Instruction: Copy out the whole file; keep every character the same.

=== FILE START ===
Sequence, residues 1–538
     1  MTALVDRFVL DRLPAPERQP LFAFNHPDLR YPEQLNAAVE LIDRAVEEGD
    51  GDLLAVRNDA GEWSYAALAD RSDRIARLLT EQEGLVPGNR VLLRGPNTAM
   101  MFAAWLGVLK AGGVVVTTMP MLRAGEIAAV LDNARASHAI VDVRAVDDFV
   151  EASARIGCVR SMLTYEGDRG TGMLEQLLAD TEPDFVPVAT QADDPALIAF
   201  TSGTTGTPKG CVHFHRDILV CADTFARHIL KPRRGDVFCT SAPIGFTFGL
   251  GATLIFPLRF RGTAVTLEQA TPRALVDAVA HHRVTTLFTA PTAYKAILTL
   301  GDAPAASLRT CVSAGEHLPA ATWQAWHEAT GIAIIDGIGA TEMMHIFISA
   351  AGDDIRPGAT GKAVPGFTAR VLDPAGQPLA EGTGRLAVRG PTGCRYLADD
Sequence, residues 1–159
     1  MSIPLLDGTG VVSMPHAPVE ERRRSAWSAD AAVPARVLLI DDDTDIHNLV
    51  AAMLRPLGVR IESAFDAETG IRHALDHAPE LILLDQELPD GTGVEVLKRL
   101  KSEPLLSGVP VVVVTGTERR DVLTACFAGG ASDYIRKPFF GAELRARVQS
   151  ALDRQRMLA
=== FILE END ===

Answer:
Sequence, residues 1–538
     1  MTALVDRFVL DRLPAPERQP LFAFNHPDLR YPEQLNAAVE LIDRAVEEGD
    51  GDLLAVRNDA GEWSYAALAD RSDRIARLLT EQEGLVPGNR VLLRGPNTAM
   101  MFAAWLGVLK AGGVVVTTMP MLRAGEIAAV LDNARASHAI VDVRAVDDFV
   151  EASARIGCVR SMLTYEGDRG TGMLEQLLAD TEPDFVPVAT QADDPALIAF
   201  TSGTTGTPKG CVHFHRDILV CADTFARHIL KPRRGDVFCT SAPIGFTFGL
   251  GATLIFPLRF RGTAVTLEQA TPRALVDAVA HHRVTTLFTA PTAYKAILTL
   301  GDAPAASLRT CVSAGEHLPA ATWQAWHEAT GIAIIDGIGA TEMMHIFISA
   351  AGDDIRPGAT GKAVPGFTAR VLDPAGQPLA EGTGRLAVRG PTGCRYLADD
Sequence, residues 1–159
     1  MSIPLLDGTG VVSMPHAPVE ERRRSAWSAD AAVPARVLLI DDDTDIHNLV
    51  AAMLRPLGVR IESAFDAETG IRHALDHAPE LILLDQELPD GTGVEVLKRL
   101  KSEPLLSGVP VVVVTGTERR DVLTACFAGG ASDYIRKPFF GAELRARVQS
   151  ALDRQRMLA